• Safety Considerations: Proper processing is crucial to remove potentially harmful cyanide compounds. Each step, from peeling to final processing, helps reduce these levels, making cassava safe for consumption.

Storage of Cassava

cassava opak  is a type of cracker-like snack
  • Storing Fresh Cassava:
    • Short-term Storage: Fresh cassava roots can be stored for a short period (a few days to a week) in a cool, dry place.
    • Traditional Methods: In some regions, fresh cassava roots are buried in pits or covered with soil. This method can extend their shelf life for several weeks.
  • Storing Processed Cassava:
    • Dried Products: Dried cassava chips or flour should be stored in airtight containers to prevent moisture absorption and insect infestation.
    • Gari and Tapioca: These processed forms should also be kept in cool, dry conditions. Gari can be stored for several months.
  • Impact of Processing on Storage: Processing transforms cassava into forms that are not only safer to eat but also more stable for storage. Drying, fermenting, and milling significantly increase the shelf life and reduce the risk of spoilage.
  • Economic and Nutritional Significance: Efficient post-harvest handling and processing of cassava are vital for maintaining its nutritional value and economic worth. It ensures a consistent supply of cassava products throughout the year, even in regions with distinct dry and rainy seasons.

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Growing cassava can be rewarding and profitable, particularly in regions with challenging agricultural conditions. With its minimal requirements and versatility, cassava stands as a symbol of hope and sustenance for millions. By following these guidelines, farmers and enthusiasts can cultivate this vital crop successfully.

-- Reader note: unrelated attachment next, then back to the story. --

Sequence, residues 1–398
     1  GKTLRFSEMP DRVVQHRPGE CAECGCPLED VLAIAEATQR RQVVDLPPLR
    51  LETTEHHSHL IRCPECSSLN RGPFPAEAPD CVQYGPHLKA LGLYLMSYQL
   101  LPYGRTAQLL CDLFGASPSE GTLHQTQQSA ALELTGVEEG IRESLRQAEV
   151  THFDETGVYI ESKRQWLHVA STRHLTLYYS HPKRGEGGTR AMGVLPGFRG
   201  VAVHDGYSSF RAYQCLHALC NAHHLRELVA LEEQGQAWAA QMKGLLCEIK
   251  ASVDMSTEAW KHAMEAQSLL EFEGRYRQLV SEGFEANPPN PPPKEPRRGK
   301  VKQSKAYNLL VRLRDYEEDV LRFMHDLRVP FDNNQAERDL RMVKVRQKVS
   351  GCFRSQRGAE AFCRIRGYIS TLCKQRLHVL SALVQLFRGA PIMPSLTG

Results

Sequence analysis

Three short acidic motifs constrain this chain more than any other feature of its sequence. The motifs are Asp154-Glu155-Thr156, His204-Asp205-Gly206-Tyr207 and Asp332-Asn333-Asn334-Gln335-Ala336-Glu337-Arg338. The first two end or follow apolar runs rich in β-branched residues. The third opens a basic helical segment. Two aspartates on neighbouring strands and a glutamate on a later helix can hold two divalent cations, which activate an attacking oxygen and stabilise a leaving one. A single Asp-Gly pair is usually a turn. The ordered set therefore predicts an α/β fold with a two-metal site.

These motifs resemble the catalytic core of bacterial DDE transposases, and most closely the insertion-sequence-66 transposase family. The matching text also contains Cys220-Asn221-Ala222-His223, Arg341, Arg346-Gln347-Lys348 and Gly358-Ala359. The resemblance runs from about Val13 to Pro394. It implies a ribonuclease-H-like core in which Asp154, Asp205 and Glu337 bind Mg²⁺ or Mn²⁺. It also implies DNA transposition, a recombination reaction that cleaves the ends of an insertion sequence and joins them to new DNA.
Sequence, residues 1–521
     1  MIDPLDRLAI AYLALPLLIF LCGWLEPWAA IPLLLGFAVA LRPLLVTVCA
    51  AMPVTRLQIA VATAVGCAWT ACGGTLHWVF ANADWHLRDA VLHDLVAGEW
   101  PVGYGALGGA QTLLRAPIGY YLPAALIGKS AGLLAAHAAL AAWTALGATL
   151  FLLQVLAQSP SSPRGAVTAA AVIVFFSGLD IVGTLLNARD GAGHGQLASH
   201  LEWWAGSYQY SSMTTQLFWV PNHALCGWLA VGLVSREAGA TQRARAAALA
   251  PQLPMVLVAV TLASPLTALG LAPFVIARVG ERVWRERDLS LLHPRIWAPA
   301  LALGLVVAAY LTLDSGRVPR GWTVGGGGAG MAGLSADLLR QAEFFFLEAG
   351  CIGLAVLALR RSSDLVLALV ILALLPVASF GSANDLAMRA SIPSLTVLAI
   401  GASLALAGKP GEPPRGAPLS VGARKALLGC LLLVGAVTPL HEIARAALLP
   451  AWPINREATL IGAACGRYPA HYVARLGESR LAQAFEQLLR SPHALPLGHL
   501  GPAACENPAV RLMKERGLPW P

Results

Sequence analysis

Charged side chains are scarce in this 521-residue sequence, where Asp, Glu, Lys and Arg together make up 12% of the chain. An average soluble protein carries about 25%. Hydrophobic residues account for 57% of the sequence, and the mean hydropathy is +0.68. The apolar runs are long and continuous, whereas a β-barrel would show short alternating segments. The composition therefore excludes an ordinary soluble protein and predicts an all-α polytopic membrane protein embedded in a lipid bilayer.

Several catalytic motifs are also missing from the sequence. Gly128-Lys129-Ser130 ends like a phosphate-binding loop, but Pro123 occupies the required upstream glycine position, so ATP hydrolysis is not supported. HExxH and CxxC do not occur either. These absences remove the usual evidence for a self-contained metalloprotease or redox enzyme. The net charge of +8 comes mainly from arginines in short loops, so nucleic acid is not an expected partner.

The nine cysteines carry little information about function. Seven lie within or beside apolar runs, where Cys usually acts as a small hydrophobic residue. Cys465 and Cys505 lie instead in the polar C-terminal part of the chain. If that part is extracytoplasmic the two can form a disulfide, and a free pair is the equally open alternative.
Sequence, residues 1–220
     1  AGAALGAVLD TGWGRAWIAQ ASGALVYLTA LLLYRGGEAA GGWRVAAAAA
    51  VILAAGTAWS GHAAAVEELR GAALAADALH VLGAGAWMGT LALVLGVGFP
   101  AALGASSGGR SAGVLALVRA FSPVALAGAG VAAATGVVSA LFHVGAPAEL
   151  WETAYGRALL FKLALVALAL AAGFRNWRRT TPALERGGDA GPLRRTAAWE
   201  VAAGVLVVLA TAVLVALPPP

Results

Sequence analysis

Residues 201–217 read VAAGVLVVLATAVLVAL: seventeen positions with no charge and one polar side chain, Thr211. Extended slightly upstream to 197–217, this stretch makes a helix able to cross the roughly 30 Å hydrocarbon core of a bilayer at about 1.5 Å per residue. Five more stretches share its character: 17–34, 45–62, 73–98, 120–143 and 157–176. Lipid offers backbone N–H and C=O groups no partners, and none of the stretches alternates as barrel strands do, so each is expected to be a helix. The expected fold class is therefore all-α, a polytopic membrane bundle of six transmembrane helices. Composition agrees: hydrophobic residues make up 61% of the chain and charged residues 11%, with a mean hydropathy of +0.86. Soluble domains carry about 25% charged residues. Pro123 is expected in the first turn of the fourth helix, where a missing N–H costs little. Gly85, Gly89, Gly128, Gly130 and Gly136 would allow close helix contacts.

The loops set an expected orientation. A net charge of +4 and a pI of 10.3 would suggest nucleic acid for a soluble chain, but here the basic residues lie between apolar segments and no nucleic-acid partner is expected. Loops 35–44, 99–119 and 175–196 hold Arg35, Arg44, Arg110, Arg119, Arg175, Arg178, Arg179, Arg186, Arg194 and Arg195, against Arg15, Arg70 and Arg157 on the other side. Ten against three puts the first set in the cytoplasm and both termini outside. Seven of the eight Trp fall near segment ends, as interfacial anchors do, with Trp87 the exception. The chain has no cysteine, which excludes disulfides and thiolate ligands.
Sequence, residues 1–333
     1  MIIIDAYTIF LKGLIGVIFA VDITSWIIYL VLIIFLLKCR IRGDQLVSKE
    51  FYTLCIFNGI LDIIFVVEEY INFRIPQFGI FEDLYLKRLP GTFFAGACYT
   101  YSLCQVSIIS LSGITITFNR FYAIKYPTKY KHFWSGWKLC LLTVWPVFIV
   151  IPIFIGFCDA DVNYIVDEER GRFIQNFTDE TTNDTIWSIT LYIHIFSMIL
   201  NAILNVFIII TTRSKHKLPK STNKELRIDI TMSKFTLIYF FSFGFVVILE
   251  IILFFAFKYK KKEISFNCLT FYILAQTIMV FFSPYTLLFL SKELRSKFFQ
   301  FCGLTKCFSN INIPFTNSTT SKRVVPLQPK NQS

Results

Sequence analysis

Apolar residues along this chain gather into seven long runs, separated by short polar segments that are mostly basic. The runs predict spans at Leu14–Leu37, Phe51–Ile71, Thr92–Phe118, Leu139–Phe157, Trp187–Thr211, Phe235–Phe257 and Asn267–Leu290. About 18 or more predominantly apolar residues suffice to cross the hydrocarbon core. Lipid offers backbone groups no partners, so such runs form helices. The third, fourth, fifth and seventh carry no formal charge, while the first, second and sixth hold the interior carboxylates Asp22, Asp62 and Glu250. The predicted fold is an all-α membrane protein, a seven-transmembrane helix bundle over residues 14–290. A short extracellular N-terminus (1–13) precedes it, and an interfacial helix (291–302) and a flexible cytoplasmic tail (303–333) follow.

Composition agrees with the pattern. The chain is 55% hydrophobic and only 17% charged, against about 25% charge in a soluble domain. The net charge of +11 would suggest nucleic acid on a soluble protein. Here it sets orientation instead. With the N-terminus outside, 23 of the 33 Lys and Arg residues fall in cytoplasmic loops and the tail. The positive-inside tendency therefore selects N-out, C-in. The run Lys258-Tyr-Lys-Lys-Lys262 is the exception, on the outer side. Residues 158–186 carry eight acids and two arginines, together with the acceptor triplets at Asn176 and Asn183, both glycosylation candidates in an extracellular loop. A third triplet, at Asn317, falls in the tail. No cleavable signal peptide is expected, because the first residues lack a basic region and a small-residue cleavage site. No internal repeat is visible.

FAQs (Frequently Asked Questions)

  1. What is the best climate for growing cassava?
    • Cassava thrives in tropical and subtropical climates with temperatures between 25 to 29 degrees Celsius. It requires a warm and humid environment for optimal growth.
  2. How do I select the right cassava cuttings for planting?
    • Choose healthy, disease-free stem cuttings from a mature cassava plant. The cuttings should be about 20-30 cm long with a minimum of five nodes.
  3. What type of soil is suitable for cassava?
    • Well-drained, sandy loam soil with a pH between 5.5 and 6.5 is ideal. Cassava can tolerate poor soils but performs best in nutrient-rich conditions.
  4. How do I plant cassava cuttings?
    • Plant cuttings by inserting them about two-thirds deep into the soil at a 45-degree angle. Ensure adequate spacing of about 1 meter between plants and rows.
  5. When is the best time to plant cassava?
    • The onset of the rainy season is the ideal time to plant cassava since it coincides with the start of its growing period.
  6. Does cassava require a lot of water?
    • Cassava is drought-resistant, but regular watering during prolonged dry spells promotes better growth. Avoid waterlogging as it can harm the plant.
  7. How do I manage pests and diseases in cassava?
    • Regularly inspect for signs of pests like cassava mosaic virus and diseases such as cassava brown streak disease. Use cultural practices and biological controls for management.
  8. When is cassava ready to harvest?
    • Cassava is usually ready for harvest between 9 to 24 months after planting, depending on the variety and purpose. Signs of readiness include yellowing leaves and cracks in the soil around the base of the plant.
  9. How should I harvest cassava?
    • Carefully uproot the entire plant by hand or with tools, taking care not to damage the roots. Harvesting can be labor-intensive and requires careful handling.
  10. What should I do with the cassava after harvesting?
    • Fresh cassava roots should be processed or consumed within a couple of days to prevent spoilage. Processing into flour, chips, or other products can extend shelf life. Store processed cassava in a cool, dry place.
Kristine Moore
Kristine Moore
Forestry Author

I'm Kristine Moore, a seasoned garden landscaping professional with over 30 years of experience. My extensive career has been dedicated to transforming outdoor spaces into stunning, sustainable landscapes. With a deep understanding of horticulture, design principles, and environmental stewardship, I have become a respected figure in the field, known for creating harmonious, visually appealing, and eco-friendly gardens. My commitment to excellence and continuous learning in landscaping trends and techniques has solidified my reputation as an expert in garden design and implementation.